What do we define as normal? What we live with in our everyday lives can be seen as normal because it is all we have ever known. For Silas Hoxie, 19, his idea of a normal life might be a life that others would struggle with.
“My mom was born deaf and my dad became deaf when he was around two from Meningitis” said Hoxie, a Maryland resident and Towson University Student.
Hoxie grew up in Odenton, Maryland with his parents and five siblings. Growing up, the older siblings had to work together to teach the younger ones how to talk and communicate with their parents.
“We would have to explain to my younger siblings how to communicate with my parents because they were learning how to talk but they were also learning sign language,” said Hoxie. “My oldest brother learned from my grandparents how to talk and then he taught my sister and so on.”
Many people know at least one sign in sign language but few are fluent in it. For Hoxie, translating to his parents is an everyday task.
“When we go out to restaurants or stores I have to sign to my parents and basically translate what’s happening to them, so I’d say that’s a challenge I’ve faced growing up with deaf parents but I’m so used to it it’s not inconvenient for me or anything.”
While most college students call their parents to check in and chat about classes, Hoxie and his siblings use face time and various apps to send their parents video and text messages.
“There’s this app called Glide where you can video tape yourself signing something and then send it. We have a group chat that we all use but you can also send messages individually. I don’t face time with them a lot, I mostly text and use apps.”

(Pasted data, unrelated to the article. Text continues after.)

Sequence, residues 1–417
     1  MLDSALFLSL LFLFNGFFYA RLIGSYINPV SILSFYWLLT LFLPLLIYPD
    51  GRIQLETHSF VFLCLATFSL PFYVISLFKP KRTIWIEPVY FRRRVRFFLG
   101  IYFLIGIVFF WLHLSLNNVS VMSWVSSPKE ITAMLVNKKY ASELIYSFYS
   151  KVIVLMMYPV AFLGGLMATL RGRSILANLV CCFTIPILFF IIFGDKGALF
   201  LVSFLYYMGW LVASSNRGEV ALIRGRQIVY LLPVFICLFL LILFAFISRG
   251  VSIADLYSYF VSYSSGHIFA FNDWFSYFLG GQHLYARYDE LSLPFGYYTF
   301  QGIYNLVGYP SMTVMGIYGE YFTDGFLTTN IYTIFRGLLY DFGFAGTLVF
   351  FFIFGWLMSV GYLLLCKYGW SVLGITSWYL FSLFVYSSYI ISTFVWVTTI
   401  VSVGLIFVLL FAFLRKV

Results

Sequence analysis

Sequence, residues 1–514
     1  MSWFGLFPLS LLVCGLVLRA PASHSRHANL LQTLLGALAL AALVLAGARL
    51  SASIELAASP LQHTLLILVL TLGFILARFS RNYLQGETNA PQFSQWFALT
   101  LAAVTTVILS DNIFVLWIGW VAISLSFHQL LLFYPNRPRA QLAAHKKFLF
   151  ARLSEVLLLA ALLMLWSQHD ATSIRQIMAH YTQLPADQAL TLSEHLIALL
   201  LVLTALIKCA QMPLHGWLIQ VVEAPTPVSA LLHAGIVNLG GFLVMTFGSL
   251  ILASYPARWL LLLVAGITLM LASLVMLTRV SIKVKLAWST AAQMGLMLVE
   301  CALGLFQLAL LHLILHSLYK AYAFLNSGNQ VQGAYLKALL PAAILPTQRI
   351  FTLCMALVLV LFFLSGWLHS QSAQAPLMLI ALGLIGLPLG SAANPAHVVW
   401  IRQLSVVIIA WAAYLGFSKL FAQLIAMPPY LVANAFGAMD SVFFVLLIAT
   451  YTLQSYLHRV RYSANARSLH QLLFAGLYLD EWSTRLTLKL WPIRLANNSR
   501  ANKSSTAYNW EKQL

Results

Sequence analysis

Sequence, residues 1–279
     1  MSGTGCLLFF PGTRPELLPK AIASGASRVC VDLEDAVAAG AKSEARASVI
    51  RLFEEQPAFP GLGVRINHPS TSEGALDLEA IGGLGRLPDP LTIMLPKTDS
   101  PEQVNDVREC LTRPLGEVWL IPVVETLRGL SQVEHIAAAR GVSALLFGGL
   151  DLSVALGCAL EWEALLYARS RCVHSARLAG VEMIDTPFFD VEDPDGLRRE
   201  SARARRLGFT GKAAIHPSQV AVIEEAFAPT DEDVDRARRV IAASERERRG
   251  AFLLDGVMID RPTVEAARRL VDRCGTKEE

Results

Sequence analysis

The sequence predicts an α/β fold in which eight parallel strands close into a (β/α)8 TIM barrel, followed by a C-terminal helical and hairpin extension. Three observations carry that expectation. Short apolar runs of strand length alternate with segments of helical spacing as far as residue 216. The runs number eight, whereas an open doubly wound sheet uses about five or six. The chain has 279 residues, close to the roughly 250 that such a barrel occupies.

For Silas’ friends, his parent’s deafness does not create a barrier that they cannot overcome. Despite the difference in communication styles Hoxie’s friends always try to connect with his parents.
“One of my friends decided to major in deaf studies,” said Hoxie. “He came over during thanksgiving break and had a pretty long conversation with my parents. Eventually he ran out of things to sign but it was pretty cool.”
For those of Silas’ close friends who don’t know sign language, communicating through other means is not out of the picture.
“At first I didn’t know what to do,” said Ryan Twomey, 19, Hoxie’s hometown friend and college roommate. “You learn to communicate with your facial expressions and your hands and it’s not so bad.”
Despite the obstacles Silas’ and his family overcome each day he always maintains a positive attitude. He’s learned not to take life too seriously and that it is okay to be different.
“I think the best part about growing up with Silas,” said Twomey, “is when he would roll up to soccer games with the music blasting and his parents wouldn’t even care.”